Choose Workouts With A High Fitness/Injury Ratio (Read 381 times)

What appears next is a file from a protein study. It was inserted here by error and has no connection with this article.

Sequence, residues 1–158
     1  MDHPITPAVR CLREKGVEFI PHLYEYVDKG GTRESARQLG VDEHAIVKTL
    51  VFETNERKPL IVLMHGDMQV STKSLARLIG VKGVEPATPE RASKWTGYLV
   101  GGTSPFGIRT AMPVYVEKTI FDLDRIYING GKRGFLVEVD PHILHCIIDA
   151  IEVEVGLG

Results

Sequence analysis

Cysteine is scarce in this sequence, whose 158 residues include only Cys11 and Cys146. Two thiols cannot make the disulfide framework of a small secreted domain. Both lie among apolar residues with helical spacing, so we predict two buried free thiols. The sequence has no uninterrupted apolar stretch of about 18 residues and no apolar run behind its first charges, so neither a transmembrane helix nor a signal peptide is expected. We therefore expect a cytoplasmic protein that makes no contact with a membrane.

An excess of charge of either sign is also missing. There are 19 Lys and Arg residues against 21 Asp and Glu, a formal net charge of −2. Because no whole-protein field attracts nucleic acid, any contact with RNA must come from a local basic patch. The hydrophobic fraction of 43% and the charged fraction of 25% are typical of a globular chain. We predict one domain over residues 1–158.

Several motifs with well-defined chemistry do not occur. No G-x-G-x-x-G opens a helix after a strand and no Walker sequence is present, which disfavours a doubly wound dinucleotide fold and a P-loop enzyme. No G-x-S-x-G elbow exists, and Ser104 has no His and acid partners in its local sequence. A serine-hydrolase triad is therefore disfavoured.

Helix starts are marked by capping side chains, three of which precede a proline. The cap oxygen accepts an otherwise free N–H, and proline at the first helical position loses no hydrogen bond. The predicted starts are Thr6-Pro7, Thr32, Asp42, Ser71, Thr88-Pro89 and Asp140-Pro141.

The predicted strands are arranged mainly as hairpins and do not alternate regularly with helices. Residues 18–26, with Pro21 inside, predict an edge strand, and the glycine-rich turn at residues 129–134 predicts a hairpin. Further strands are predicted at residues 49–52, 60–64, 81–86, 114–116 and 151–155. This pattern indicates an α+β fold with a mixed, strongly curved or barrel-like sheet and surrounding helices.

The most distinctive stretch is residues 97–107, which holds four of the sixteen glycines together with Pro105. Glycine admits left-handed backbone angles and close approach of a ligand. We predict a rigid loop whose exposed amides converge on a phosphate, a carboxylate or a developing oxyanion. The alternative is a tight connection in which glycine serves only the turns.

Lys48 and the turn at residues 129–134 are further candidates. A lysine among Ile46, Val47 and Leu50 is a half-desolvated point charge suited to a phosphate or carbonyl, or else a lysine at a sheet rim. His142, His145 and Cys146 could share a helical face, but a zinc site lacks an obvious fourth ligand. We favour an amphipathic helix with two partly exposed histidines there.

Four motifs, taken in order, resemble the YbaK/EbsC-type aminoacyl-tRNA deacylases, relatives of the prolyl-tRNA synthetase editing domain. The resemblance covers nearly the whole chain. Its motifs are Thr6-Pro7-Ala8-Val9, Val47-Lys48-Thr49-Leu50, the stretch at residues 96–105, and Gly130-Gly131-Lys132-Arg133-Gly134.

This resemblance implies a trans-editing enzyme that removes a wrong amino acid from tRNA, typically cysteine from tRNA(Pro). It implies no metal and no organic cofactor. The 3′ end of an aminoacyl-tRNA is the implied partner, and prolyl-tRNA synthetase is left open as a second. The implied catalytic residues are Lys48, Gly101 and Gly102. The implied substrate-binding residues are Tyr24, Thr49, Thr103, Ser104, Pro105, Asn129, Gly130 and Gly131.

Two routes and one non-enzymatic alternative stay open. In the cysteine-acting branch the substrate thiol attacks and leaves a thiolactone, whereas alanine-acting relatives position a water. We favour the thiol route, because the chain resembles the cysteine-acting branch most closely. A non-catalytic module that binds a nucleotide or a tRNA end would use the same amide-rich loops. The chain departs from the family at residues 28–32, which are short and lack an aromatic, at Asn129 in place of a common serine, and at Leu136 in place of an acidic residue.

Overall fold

Being a physical therapist, I like to share with and help runners create individualized workouts with a high Fitness/Injury Ratio. Workouts that have a high Fitness/Injury Ratio maximize fitness with low risk of injury. Preventing injury is key if you are to reach your potential as a runner. Injuries interrupt training programs and can cause significant mental stress for runners at important times in their development. Let’s look at an example to illustrate further what I mean by Fitness/Injury Ratio. Last Sunday I went for an 18 mile long run. About the 16 mile mark I felt a sharp pain go through my right knee. I stopped momentarily, but finished the run. It was very sore the next day, but since has subsided. An 18 mile run ran at 30-60 seconds slower than race pace is part of my marathon training program for the upcoming Chicago Marathon, so it is a critical fitness building workout. This means that it has a high Fitness Potential. I like to grade Fitness Potential on a 0 to 10 scale with 0 being a workout that provides little to no Fitness Potential and 10 being a workout that has absolute maximum Fitness Potential. I gave this particular 18 mile run about an 8 as far as Fitness Potential. My fitness will definitely improve completing this run. However, the Injury Potential was also quite high because of two main reasons: I am a little heavier than I like to be at this point in any race preparation, and the training for this marathon has been less than satisfactory due to my training partner’s own injury problems. I gave the Injury Potential with this run about a 7. Now we do the math: I rated the Fitness Potential an 8, and I rated the Injury Potential a 7. The Fitness/Injury Ratio therefore would be 1.1 (8/7=1.1). Obviously, the higher the ratio the better. The Fitness/Injury Ratio is calculated on a fairly individualized basis because a variety of factors for each person come into play (i.e. the type/intensity of workout at hand, your age, your recent training, weather, your shoes, etc). Think back on the last run that caused an injury and calculate the Fitness/Injury Ratio. I bet it comes out below 2. Typically, I try to avoid doing workouts with a score of 2 or below very often because the “return on the running investment” is not high enough (too much risk of injury for the fitness gained). However, I also understand that with no risk comes no reward, and there are certain situations where you must do workouts with a low Fitness/Injury Ratio. My humble advice: Continually choose workouts with a High Fitness/Injury Ratio and watch your running improve. Have an Enerfit Day, Joe Freudenthal enerfitrunning.blogspot.com